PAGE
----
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Lessons from Each National Park I've Visited

In pre-pandemic life, my central pivotal point for traveling around the United States was the ultimate goal to visit all 62 national parks at least once in my life. At 19 years old, my current standing is at 11, but hey, it’s a nice start to my bumper sticker collection. As the boredom of a new lockdown in Washington state has already put more new free time on my hands than I really know what to do with, I’ve been offered a little bit of peace by reflecting on my old trips, and what each unique landscape has taught me personally. In all 11, from Washington to Colorado to Hawaii, I've learned something a little different from each and every one of them.

1. North Cascades National Park, Washington

There probably isn’t a landscape that I value more in the country, and perhaps the world, as grand as it is and how little I’ve truly seen, than North Cascades National Park. Spending a considerable amount of time there with my family every summer since I was 8 or 9 years old, it never occurred to me it gets far fewer visitors than Washington State’s other claims to fame of Mount Rainier and Olympic National Park. As I know now that I’ve been incredibly lucky to experience its snowy peaks and emerald green lakes relatively uninterrupted, I realize, yes, the popular national parks and monuments on America’s postcards are wonderful, but there is something to be said about untouched wilderness like this, and they might be the country's greatest kept secret. I’ve learned that one’s favorite place doesn’t have to be either widely popular, or associated with any particular positive memory, to be special, and that’s what I love about it.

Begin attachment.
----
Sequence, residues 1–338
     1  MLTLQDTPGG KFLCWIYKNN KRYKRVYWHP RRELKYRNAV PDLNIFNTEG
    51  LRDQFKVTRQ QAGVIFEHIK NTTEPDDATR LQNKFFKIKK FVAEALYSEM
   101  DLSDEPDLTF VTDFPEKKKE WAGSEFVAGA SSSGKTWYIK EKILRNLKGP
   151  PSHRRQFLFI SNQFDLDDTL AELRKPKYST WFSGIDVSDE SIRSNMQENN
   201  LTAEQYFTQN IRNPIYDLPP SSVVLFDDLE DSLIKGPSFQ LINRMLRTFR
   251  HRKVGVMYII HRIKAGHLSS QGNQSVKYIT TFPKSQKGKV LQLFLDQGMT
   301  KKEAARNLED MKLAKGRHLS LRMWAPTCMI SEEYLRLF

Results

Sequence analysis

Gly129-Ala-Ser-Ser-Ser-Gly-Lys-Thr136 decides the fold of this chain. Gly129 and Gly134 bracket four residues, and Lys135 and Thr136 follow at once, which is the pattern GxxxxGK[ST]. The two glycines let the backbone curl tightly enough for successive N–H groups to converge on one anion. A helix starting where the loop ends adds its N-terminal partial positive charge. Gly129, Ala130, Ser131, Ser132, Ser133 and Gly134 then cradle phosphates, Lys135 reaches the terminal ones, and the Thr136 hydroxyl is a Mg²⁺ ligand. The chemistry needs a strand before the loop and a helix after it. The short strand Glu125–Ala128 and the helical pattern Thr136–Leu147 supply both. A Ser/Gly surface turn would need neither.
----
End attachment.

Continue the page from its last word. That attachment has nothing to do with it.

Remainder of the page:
2. Grand Teton National Park, Wyoming 

This was the first national park that I had ever gone to where I put in more work than ever before to explore these acres on a deeper, more personal level, and I still look at that as one of the best experiences of my life. On this trip, my dad and I hiked 13 miles to an alpine lake in the Tetons, surrounded by the late September fall colors, and as I kept climbing higher and higher into what seemed like a wonderland that couldn’t possibly exist on a planet outside of my imagination. It was here that I understood, the first time in my young adulthood, the remarkable reward that could come from putting in just a couple extra miles of effort to engage with the world around me and discover a deeper meaning out of it. I was virtually alone in the most beautiful place I’ve ever been, and I think that feeling of true independence from that accomplishment was something reassured me that I was going to be okay in the midst of some difficult changes life threw at me in the months after.

3. Redwood National and State Parks, California

This trip was the complete opposite of my experience in the Grand Tetons about 6 months earlier—it was defined instead by seeing the powerful and mesmerizing Redwoods half from the sunroof of a rental car, and half getting soaked from a crisp, cooling rain that painted everything the unforgettable, vivid greens and auburns. You can picture the Redwoods in your head from secondhand stories or Google images, but there’s no way to describe to someone who’s never been how captivating they are in person. I know it sounds somewhat ridiculous when I say this, but I really did learn something from these trees—compared to everything in the world, the galaxy, and the unexplored universe, our problems that are currently on hand are insignificant in the grand scheme of time. Whenever the pressure of a perceived setback weighs down on me, like a bad grade or an argument with a friend, I like to ground myself in this experience in the Redwoods, just for a little reminder that things have a way of working themselves out in time.